In previous decisions, the Commissioner has found that the use of the word "effectiveness" in section 21(1)(a) of the FOI Act must be interpreted as the ability of the test, examination or audit to produce or lead to a result of some kind or the ability of the procedures or methods employed for the conduct of the tests etc. to achieve their purpose. According to the HSE, the review of the governance and structures of the NSEU was not completed due to the inability of the reviewers to interview certain people individually. It contends that the reviewers could not, therefore, complete the review as the allegations were made about individuals and the review was suspended in December 2013. Despite the passage of time, it appears that the HSE intends to pursue investigations or audits into irregularities in NSEU. It also contends that the subject matter is sensitive with potentially serious implications for some individuals and it claims that people were very reluctant to come forward with information. It is the view of the HSE that releasing any information about the concerns identified by the reviewers may result in parties seeking to obstruct the process of investigation and that releasing this information could result in difficulties in data gathering for future reviewers or potentially, an Garda Síochána. The purpose of the section 21(1)(a) exemption is to prevent premature disclosure of information which it is reasonable to expect will jeopardise the outcome or process of the investigation or audit in question. I have carefully considered each of the records and consider that, in the circumstances, certain information, if released, could reasonably be expected to prejudice the effectiveness of the HSE's investigation or audit. Record number 11 and the remaining parts of record 10 do not contain any details that could be required for an audit into the alleged financial irregularities and, therefore, are not exempt under section 21(1)(a). However, record 15 details a number of issues which the reviewers felt required further investigation by way of audit and it appears that these issues will form the basis of any further audit to be undertaken. Therefore, I find that record 15 is exempt from release and that records 10 (part) and 11 are not exempt, on the basis of section 21(1)(a) of the FOI Act.
However, even where I find section 21(1)(a) to apply, I am required under section 21(2) to consider whether the public interest would, on balance, be better served by granting than by refusing the request. The applicant in her submission referred to the application of the public interest by the Chartered Accountants in England and Wales and quoted the Australian Information Commissioner. She also contends that the NSEU's "good name has been abused" and that the ability to protect the good name of NSEU falls within the public interest. In correspondence dated 21 July 2015 the applicant stated that the establishment of the NSEU was and is a fundamental part of Vision for Change, the Government National Policy for Mental Health and that the actions of the HSE in not only withdrawing funding from the organisation but also in instructing the management and employees of the HSE to desist from engaging in any way with the NSEU thus preventing the organisation from carrying out its mandate under said National Policy for Mental Health, is very much a matter of public interest. However, in relation to the question of where the public interest lies, I have had regard to the judgment of the Supreme Court in the case of The Governors and Guardians of the Hospital for the Relief of Poor Lying-In Women v The Information Commissioner IESC 26 [more commonly referred to as "the Rotunda Hospital case"]. In the Rotunda Hospital case, moreover, in the opinion of Macken J., the public interest would require "a true public interest recognised by means of a well known and established policy, adopted by the Oireachtas, or by law". I accept that there is a public interest in openness and accountability with respect to the performance by the HSE of its functions. The FOI Act itself recognises a public interest in ensuring the openness and accountability of public bodies, regarding how they conduct their business, including the HSE's conduct of investigations into allegations of wrongdoing. On the other hand, section 21 of the FOI Act protects the functions and negotiations of public bodies like the HSE. On the issue of fair procedures, I understand that the HSE put the relevant issues the subject of the review to NSEU and also endeavoured to further address these issues by arranging for the review team to meet with the individuals against whom allegations were made. However, it appears that there is some disagreement between the NSEU Executive members and the HSE resulting in the NSEU Executive members not agreeing to meet with the reviewers individually and not accepting registered letters sent to their home addresses. In any event, it is not within the remit of this Office to adjudicate on the matters which gave rise to the HSE's investigations or to judge whether the good name of an organisation or an individual has been affected. I have to assume that the HSE and any other relevant authority abide by fair procedures in dealing with allegations of financial irregularies and governance issues about the NSEU and its staff. I am satisfied that, on balance, the public interest would not be better served by granting access to the records than by refusing to grant the request and I find accordingly.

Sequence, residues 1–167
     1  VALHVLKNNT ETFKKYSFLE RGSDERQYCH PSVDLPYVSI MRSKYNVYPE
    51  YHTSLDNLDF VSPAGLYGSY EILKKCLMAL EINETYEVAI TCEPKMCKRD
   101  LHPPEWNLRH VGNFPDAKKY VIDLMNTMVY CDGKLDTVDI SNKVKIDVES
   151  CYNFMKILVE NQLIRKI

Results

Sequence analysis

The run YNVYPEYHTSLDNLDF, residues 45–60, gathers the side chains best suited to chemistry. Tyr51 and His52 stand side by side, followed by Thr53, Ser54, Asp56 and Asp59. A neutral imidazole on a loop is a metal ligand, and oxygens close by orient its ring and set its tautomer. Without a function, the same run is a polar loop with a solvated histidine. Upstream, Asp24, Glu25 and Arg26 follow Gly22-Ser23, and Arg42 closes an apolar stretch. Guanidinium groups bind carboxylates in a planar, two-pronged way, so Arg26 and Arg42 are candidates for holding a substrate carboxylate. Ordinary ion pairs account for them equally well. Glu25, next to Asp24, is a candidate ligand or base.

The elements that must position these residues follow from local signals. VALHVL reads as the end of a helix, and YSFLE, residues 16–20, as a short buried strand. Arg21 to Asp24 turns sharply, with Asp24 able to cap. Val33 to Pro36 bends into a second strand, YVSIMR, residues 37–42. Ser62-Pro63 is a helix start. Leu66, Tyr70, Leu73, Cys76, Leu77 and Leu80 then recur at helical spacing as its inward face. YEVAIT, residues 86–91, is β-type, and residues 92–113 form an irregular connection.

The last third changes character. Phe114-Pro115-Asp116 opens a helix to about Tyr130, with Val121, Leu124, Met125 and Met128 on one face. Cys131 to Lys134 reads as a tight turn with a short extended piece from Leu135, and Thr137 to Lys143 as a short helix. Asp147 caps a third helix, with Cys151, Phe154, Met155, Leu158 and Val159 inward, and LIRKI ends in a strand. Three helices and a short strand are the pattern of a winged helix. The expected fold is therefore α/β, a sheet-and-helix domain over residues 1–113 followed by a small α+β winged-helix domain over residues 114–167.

Having carried out a review under section 34(2) of the Freedom of Information Act 1997, as amended, I hereby vary the decision of the HSE in this case by (i) affirming the decision to refuse access to records numbered 8, 9, 10 (part), and 19 on the basis of section 28(1) and record 15 on the basis of section 21(1)(a) of the FOI Act and (ii) directing the release of records numbered 10 (part) and 11 with the personal information redacted in record 10. I have marked the portions of record 10 for redaction for the convenience of the HSE and will hold a copy of these records in this Office.
A party to a review, or any other person affected by a decision of the Information Commissioner following a review, may appeal to the High Court on a point of law arising from the decision. Any such appeal must be initiated not later than eight weeks from the date on which notice of the decision was given to the person bringing the appeal.